Writer/director Noah Baumbach excels at making movies about essentially unlikable people, and Ben Stiller is fearless when it comes to playing them, so it was no surprise that their collaboration for 2010’s Greenberg yielded largely positive reviews — as well as plenty of wrinkled noses from filmgoers who couldn’t stomach the self-absorbed, off-putting behavior unfolding onscreen. “There’s a lot not to like about Greenberg, the character and the film,” cautioned David Stratton of Australia’s At the Movies, “and yet, by the end, I found it very touching, and the final scene is so imbued with delicacy and humanity that any stumbles along the way can be forgiven.”

7. Your Friends & Neighbors (1998) 77%

The first film, according to Wikipedia, to be reviewed on Rotten Tomatoes, Neil LaBute’s 1998 ensemble dramedy Your Friends & Neighbors united a stellar cast — including Stiller, Catherine Keener, Jason Patric, and Aaron Eckhart — to tell the frequently bleak tale of the sexual entanglements between three unhappy couples. Grim, unflinching, and thoroughly uncomfortable, this is vintage LaBute — which is to say it was only ever destined to be a hit with critics such as Netflix’s James Rocchi, who cautioned, “You will not like Your Friends and Neighbors; it’s intense, unflinching and uncomfortable. You won’t look away from it, though, and you won’t forget the people it showed you for a long time.”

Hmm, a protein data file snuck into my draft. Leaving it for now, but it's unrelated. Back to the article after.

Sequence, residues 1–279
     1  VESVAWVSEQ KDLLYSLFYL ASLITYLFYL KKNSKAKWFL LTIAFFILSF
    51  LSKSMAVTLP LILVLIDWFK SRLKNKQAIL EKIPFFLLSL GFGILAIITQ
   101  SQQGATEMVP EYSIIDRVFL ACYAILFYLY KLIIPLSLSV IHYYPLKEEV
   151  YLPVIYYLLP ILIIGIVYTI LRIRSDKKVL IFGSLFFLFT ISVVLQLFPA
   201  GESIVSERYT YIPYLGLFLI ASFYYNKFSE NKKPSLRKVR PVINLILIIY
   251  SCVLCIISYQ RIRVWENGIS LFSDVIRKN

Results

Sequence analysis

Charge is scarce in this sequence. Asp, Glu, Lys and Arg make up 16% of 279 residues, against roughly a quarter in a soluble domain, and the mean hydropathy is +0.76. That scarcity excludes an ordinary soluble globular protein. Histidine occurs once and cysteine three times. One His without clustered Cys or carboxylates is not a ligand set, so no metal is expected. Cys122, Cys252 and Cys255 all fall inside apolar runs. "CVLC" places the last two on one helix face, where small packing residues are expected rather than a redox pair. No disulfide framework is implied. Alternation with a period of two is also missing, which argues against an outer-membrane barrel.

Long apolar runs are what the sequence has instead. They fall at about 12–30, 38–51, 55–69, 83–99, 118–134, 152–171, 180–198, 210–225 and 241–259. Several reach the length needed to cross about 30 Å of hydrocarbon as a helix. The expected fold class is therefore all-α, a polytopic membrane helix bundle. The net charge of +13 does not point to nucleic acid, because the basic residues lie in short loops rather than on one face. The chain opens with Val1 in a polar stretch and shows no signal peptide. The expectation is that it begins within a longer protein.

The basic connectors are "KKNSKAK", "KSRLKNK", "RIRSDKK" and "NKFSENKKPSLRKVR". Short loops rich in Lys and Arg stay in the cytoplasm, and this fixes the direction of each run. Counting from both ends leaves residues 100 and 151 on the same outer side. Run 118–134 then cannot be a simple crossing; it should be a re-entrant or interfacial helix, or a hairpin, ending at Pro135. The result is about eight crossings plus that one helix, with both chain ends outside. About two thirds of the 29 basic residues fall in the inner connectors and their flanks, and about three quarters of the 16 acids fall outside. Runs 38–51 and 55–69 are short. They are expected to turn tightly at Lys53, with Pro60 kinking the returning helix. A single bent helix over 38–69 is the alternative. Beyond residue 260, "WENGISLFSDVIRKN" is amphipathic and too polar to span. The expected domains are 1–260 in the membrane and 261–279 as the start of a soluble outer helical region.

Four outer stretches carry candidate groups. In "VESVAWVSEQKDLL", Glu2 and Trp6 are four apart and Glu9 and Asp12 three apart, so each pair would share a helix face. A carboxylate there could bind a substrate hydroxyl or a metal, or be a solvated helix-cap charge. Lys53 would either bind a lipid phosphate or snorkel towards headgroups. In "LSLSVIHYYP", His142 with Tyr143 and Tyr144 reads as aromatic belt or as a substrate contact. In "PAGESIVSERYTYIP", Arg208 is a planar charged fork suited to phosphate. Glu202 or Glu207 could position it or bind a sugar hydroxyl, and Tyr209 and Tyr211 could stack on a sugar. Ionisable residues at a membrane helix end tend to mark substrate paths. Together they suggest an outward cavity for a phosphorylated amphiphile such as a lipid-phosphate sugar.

6. Madagascar 3: Europe’s Most Wanted (2012) 78%

Most franchises see their critical fortunes subject to the law of diminishing returns as the sequels roll out. Not so Madagascar, the star-studded saga of a troupe of wildlife (voiced by a cast that includes Chris Rock, Jada Pinkett Smith, Cedric the Entertainer, and — yes — Ben Stiller as Alex the Lion) whose misadventures in the third installment of the series find them bumbling through Europe while hiding in plain sight as members of a circus troupe. Before adding a few hundred million more to the Madagascar kitty, Europe’s Most Wanted drew praise from critics like Betsy Sharkey of the Los Angeles Times, who called it “A neon-saturated, high-flying trapeze act with enough frenetic funny business that it’s a wonder the folks behind this zillion-dollar franchise about zoo critters on the lam didn’t send the animals to the circus sooner.”

5. The Royal Tenenbaums (2002) 81%